The pandemic has taught us several lessons. On the one hand, it was about the natural dynamism and wide acceptance of new technologies, while on the other hand, we have to admit, it was about the associated restrictions as well as the concern (especially in the early stages of the pandemic) about the transmission of the virus through money.
The restrictions imposed and the fear felt more or less acutely led to an increase of digital payments, in favor of cash payments. Some central banks have even introduced procedures to quarantine or sterilize money precisely to assure the population that the money is safe to use. Other central banks have encouraged and urged the population to resort to digital payments and reduce cash payments as much as possible.
Of course, in this situation we also have to consider the fact that often digital payments do not completely eliminate the risk of contamination, but still imply that in some cases, the payer comes into contact with the terminal of the seller to validate the payment. Also, we cannot ignore consumers who do not have a bank account and therefore can only make cash payments, the promotion of digital payments at the expense of those involving cash thus raising a problem of inclusion. Beyond the different approaches and points of view, the conclusion we can state today, two years into the pandemic, is that the pandemic played an active role in accelerating the transition to digital payments on a large scale.
It is very true that the discussion must be nuanced, that the digital transformation does not imply an effective and immediate abandonment of money in its classical form and that it is possible to even witness a resistance to change, an opposition to the widespread adoption of digital payments by some categories of population. What is worth noting, however, is the fact that there is more and more discussion in this context about digital currencies issued by central banks (central bank digital currency – CBDC).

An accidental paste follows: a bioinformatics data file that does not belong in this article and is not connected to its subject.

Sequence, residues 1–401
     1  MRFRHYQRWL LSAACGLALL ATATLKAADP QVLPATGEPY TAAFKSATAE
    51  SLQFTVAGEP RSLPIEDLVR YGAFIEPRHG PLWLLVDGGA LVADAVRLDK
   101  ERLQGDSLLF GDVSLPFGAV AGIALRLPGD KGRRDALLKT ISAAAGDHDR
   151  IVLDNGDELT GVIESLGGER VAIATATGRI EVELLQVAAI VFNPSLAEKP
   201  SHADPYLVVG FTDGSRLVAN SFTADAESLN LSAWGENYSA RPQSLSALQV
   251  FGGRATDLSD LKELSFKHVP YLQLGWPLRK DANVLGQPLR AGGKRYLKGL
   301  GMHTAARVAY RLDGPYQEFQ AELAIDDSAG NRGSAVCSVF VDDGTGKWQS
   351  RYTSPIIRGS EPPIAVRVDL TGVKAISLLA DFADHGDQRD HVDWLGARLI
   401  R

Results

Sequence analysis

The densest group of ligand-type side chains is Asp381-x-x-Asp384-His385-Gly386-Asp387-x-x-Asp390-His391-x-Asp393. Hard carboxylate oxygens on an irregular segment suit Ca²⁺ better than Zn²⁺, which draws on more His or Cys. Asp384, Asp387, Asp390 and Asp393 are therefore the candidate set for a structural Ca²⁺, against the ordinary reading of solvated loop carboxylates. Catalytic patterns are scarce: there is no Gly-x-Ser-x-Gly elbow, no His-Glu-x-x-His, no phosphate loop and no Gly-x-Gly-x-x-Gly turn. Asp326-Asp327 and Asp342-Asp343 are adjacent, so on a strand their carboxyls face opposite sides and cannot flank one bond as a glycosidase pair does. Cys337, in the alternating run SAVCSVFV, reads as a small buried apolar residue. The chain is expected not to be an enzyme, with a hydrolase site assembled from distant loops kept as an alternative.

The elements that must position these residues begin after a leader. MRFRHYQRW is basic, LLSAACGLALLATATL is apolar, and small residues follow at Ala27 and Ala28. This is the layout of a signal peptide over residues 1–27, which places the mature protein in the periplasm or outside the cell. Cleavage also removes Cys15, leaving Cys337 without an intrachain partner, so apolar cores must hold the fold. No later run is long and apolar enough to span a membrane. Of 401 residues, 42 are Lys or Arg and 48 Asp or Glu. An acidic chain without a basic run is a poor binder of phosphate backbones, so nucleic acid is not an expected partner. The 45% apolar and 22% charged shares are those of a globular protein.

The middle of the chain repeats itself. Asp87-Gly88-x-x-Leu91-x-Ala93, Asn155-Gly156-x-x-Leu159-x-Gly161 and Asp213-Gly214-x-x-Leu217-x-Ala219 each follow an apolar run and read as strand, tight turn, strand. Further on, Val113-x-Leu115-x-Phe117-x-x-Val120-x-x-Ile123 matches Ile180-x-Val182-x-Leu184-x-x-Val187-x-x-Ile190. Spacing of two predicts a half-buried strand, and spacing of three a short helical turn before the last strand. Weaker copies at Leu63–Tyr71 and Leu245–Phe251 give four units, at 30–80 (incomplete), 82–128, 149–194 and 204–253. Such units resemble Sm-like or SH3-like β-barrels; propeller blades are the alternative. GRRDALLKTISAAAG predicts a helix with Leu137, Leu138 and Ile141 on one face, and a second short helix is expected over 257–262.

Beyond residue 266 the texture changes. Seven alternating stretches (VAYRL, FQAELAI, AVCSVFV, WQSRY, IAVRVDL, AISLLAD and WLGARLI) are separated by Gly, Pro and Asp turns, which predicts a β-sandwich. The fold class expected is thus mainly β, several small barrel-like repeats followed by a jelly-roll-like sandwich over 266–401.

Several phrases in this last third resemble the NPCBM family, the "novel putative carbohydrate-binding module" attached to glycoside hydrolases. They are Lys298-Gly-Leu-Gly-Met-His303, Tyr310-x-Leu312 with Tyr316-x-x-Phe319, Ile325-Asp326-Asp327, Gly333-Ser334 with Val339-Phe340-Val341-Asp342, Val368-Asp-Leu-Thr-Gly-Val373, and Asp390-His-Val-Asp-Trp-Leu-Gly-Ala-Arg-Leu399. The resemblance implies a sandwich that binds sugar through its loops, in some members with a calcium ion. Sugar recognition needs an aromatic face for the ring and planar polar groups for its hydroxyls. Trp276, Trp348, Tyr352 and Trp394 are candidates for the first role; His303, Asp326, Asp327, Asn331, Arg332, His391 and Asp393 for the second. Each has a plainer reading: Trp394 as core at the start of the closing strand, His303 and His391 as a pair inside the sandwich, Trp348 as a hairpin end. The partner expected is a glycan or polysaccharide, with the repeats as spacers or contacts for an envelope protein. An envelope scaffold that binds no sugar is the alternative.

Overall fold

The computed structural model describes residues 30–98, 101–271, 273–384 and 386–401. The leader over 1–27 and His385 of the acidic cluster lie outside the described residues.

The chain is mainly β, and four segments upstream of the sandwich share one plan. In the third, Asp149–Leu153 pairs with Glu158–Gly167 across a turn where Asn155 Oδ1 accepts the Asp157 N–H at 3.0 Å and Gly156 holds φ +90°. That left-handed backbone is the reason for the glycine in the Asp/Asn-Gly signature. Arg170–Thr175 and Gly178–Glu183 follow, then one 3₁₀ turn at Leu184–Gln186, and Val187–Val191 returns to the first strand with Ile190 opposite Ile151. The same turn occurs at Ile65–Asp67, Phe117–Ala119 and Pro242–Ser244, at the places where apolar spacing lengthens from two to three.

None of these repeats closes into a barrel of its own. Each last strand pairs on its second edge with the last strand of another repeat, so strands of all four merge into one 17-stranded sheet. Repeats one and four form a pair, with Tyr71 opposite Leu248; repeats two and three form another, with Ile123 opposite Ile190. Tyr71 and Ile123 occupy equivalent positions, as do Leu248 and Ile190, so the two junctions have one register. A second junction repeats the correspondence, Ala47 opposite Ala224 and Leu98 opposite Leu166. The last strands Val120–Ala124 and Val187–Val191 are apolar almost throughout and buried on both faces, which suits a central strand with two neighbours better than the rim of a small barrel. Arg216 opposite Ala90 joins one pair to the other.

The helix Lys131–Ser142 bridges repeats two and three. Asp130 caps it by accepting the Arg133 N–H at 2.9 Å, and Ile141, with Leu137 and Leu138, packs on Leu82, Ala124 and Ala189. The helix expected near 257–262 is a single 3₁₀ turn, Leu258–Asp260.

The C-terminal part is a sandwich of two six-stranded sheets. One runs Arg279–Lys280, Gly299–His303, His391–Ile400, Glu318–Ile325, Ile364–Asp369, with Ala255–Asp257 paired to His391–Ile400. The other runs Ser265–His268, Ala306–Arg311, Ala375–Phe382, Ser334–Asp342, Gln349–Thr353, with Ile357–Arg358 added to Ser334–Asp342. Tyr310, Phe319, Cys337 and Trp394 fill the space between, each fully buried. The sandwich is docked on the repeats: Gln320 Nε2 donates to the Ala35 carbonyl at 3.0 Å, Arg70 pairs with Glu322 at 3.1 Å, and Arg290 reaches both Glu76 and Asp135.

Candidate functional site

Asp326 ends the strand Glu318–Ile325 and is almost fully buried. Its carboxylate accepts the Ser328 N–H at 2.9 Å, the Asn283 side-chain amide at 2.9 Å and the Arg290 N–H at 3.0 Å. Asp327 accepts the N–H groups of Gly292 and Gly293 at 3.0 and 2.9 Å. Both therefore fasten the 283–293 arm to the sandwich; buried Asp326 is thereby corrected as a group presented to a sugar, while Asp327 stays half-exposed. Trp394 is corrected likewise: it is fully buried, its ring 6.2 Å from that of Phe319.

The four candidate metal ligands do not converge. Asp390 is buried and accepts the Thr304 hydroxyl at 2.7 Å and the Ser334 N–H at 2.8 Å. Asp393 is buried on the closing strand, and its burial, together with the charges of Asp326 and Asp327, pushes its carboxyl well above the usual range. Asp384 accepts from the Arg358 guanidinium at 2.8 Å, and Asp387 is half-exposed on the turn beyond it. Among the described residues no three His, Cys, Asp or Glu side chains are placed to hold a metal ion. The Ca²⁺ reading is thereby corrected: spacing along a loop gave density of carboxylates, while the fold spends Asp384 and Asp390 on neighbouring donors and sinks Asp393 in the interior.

Thus, we are discussing a digital currency, which without having a physical, tangible existence is issued by a central bank, is guaranteed and backed by the trust of the central bank. It is in fact the digital alter ego of a fiat currency and carries the properties and advantages of the fiat currency, while adding the privileges that accompany the digital format, such as the decrease in transaction costs, the increase in transaction speed, but also the much- sought advantage of the efficiency of international transfers.
Carefully designed, digital currencies issued by central banks can provide greater security to payment systems and lower operating costs. Electronic currency is nothing more than a „prepaid” currency, the unit of value created and stored electronically being exactly the amount of fiat currency made available by the beneficiary to the issuer of electronic money. Virtual currencies and electronic currencies should therefore not be confused. The latter are means of payment issued only by authorized entities, being generally accepted for the purchase of goods or services. Conversely, virtual currencies can only represent a medium of exchange if they are accepted as such by the other contracting party (a merchant or a natural person).